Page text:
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Mind Your Mindfulness: What Science Says About Living in the Moment & How to Start

Mindfulness is a popular buzzword these days, but what does it really mean, and what are the scientific benefits of practising it? In short, mindfulness is the act of paying attention to the present moment without judgement. This might involve focusing on your breath, sensations in your body, or the sounds around you, among other things.



What is mindfulness?

Although mindfulness has its roots in ancient spiritual practices, there is now a growing body of scientific research that supports its benefits for both physical and mental health. One of my favourite authors and expert on the subject of mindfulness Jon Kabat-Zinn defines mindfulness as “the awareness that arises from paying attention, on purpose, in the present moment and non-judgmentally”. By cultivating this awareness through the breath, you can learn to be more present with your experiences as they unfold. This can help you develop greater resilience and cope with pain more effectively.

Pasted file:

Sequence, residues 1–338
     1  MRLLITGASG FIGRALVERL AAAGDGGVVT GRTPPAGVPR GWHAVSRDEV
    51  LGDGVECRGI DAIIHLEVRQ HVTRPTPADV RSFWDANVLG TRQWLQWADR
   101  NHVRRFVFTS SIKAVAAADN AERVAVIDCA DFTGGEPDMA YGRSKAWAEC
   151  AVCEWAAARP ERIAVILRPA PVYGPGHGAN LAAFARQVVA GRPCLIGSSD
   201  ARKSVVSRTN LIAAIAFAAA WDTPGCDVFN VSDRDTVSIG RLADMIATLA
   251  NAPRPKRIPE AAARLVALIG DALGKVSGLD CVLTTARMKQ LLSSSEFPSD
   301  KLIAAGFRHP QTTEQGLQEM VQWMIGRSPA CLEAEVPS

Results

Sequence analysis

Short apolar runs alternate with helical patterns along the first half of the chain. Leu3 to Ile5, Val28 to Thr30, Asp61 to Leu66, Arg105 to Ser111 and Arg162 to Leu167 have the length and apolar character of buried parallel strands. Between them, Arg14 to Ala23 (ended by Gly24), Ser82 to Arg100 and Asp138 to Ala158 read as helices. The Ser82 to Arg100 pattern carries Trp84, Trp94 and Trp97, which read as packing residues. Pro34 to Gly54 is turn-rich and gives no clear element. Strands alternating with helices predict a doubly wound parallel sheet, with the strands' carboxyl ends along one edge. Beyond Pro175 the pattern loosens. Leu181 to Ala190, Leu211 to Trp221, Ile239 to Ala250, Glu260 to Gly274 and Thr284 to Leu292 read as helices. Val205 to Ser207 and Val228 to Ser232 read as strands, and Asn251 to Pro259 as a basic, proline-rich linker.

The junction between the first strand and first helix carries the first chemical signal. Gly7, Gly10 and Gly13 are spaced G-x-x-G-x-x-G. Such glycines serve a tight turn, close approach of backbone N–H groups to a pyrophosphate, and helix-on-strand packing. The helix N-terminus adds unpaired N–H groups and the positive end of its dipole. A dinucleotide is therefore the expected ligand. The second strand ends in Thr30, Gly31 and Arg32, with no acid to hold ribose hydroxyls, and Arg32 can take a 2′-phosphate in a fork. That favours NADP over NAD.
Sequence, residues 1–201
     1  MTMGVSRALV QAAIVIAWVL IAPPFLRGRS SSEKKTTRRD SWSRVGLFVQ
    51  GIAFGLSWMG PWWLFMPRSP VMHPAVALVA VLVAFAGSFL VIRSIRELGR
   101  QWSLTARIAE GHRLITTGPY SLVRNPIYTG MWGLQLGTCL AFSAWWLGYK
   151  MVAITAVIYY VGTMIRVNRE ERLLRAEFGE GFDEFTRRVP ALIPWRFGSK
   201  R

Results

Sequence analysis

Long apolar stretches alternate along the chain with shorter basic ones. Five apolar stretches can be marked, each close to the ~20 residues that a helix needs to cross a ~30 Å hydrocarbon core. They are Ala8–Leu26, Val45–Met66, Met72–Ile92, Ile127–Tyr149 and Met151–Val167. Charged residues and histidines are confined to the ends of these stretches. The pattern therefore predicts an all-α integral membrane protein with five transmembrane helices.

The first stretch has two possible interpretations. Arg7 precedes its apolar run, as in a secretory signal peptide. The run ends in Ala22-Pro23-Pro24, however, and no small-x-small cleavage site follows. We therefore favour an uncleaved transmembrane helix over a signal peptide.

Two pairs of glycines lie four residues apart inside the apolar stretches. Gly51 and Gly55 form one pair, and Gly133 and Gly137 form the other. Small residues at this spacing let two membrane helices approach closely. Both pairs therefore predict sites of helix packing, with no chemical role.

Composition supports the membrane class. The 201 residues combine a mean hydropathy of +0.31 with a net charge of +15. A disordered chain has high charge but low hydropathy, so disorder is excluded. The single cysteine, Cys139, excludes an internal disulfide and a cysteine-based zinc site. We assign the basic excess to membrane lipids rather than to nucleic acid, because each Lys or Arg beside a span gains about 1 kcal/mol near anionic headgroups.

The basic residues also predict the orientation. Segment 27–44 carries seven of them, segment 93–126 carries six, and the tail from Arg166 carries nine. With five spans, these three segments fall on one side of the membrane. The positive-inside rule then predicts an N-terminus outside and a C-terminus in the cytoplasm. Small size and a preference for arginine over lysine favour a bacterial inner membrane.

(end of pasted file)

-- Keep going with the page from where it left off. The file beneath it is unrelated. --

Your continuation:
How does mindfulness work?

Mindfulness works by helping you become more aware of your thoughts and emotions. Instead of getting caught up in them or reacting automatically, you can observe them without judgement and respond in a more intentional way. Over time, this can lead to greater emotional regulation, increased resilience, and improved cognitive function.

Another way that mindfulness can benefit us is by helping us become more present in our daily lives. We often get caught up in worrying about the future or ruminating on the past, which can lead to feelings of anxiety and depression.


By bringing our attention to the present moment, we can cultivate a greater sense of peace and contentment. Jon Kabat-Zinn also talks about the presence of autopilot mode with many of us moving through our daily tasks without being fully present or aware while doing them. He claims mindfulness practice can actually add years onto your life by being able to be present with your loved ones, or in a beautiful setting or even just learning to appreciate your daily routine and being present every step of the way.